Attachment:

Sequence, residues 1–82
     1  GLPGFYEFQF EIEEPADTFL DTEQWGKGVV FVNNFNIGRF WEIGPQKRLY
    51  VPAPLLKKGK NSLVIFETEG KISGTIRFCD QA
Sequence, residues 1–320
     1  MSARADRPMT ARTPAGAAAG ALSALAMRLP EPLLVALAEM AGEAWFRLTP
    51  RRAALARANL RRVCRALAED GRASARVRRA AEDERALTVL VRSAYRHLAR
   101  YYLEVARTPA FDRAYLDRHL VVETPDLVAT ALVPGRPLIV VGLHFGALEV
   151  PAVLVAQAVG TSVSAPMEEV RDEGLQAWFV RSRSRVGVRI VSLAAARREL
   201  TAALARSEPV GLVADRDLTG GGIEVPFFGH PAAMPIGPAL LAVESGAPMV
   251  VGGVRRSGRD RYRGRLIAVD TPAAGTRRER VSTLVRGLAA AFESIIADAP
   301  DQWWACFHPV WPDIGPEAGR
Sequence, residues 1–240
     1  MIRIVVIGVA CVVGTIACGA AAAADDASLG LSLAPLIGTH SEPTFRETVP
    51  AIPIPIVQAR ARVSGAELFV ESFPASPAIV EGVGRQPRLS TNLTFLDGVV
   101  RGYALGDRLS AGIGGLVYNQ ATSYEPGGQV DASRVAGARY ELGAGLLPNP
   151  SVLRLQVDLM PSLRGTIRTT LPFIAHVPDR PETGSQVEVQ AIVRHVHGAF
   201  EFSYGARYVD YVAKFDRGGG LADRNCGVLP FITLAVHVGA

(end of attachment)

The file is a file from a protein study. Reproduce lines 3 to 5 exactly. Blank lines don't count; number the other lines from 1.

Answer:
    51  VPAPLLKKGK NSLVIFETEG KISGTIRFCD QA
Sequence, residues 1–320
     1  MSARADRPMT ARTPAGAAAG ALSALAMRLP EPLLVALAEM AGEAWFRLTP